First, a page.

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people left inside the coalition voting to go, what does it mean if they say the syrian coalition is going when the people voting to go to geneva are view. >> thousands of people in the democratic republic of conningo protest over the killing of an army commander. he helped to defeat the m23 rebels. government sources say he was killed in an ambush by you gannan rebel forces on -- ugandan rebel forces on thursday. >> we don't believe who killed our soldier. know know people that killed them. we know them. we ask for the government to search for those people from now on. >> south sudan's army signed a ceasefire with a rebel group fighting the government. >> the deal could go some way to easing fears about fighters taking over oil fields.
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south sudan and sudan are proposing a joint force to protect the oil facilities. >> sudanese president omar al bashir vizors said his visit to juba was a combination of mediation and support. not for one party against the other. >> we came so we can get a sense of what our role should be and what needs doing. we are convinced armed conflict will create complications and the people of south sudan must and will come back to the negotiating table. >> on president omar al bashir's return, the prime minister made it clear ta the two sides have opened a new chapter of cooperation. one that will not please the rebels. as per the request from south sudan. we have sewn our ready niness to help with the protection.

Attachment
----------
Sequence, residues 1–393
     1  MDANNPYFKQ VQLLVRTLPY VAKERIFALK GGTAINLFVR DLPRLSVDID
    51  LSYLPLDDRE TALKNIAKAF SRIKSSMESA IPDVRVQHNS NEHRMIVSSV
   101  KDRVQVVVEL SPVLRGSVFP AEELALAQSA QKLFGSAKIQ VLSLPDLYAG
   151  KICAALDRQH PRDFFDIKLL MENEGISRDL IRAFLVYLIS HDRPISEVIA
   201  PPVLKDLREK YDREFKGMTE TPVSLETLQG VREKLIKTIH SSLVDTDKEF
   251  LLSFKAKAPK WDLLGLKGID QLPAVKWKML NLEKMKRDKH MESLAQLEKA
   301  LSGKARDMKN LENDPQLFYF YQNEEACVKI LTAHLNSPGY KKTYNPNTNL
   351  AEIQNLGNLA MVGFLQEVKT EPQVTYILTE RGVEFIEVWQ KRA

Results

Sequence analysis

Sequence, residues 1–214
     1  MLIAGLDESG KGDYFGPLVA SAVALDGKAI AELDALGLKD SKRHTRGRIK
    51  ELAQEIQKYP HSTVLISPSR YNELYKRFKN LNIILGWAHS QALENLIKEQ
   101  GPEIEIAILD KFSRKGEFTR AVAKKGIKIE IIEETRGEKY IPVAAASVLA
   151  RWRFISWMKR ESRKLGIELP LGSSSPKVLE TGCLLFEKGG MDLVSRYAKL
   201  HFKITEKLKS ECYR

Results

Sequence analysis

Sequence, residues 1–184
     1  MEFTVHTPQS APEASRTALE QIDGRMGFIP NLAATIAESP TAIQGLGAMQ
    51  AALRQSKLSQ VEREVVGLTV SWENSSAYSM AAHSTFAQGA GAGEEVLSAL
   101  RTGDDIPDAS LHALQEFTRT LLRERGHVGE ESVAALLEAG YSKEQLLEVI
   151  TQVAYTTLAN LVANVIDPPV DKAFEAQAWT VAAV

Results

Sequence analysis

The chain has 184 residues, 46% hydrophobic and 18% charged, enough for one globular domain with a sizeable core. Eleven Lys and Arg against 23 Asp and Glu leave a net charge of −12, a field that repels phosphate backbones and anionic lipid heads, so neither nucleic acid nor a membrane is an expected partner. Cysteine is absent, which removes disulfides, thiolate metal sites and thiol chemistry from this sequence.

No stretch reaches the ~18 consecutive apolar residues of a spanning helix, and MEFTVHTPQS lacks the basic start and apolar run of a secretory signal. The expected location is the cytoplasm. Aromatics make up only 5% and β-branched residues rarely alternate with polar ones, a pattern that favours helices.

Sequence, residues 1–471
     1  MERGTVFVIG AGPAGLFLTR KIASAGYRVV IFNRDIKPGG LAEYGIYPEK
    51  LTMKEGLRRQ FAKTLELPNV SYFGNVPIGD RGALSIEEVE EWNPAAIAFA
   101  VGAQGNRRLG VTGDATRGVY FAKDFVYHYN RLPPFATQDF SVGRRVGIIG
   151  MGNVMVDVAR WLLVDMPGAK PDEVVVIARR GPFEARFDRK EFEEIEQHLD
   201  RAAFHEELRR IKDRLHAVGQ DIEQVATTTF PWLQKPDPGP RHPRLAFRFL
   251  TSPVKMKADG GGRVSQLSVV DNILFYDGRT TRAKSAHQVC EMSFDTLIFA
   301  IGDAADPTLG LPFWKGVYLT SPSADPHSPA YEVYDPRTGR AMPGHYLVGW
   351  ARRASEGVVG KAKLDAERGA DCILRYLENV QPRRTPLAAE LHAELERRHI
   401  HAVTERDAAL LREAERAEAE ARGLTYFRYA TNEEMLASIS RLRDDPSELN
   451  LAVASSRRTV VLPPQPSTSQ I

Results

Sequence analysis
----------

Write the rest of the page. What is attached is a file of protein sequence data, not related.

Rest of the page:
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>> they said that the two sides agreed to discuss the idea of helping protect the oil fields. it was implied other countries should follow omar al bashir's lead. >> all the countries have obligation to defend rights of each member state. it is down at the end of that - taking power by military course, is a crime. they should have come out condemning the people. >> conflict in the south is one thing. it will help find a solution, a different combination. >> it has different borders. it has other unresolved issues. mutual migration and the final stages of the area. and an open-ended war in the
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south to further complicate the pending issues. >> that report from sudan's capital. we'll speak to our correspondent live in a moment. first to the south sued niece capital of juba. how viable is the unilateral decision of a ceasefire in jonglei state. >> people seem happy about the ceasefire. they have conascertains and know david jowjow. he defected and came back. they ask if he can be trusted. he is one element. other rebel leaders, and forces loyal to the former vice president. they want to know what is the government going to deal with the problem, because the violence could continue. we know that regional ministers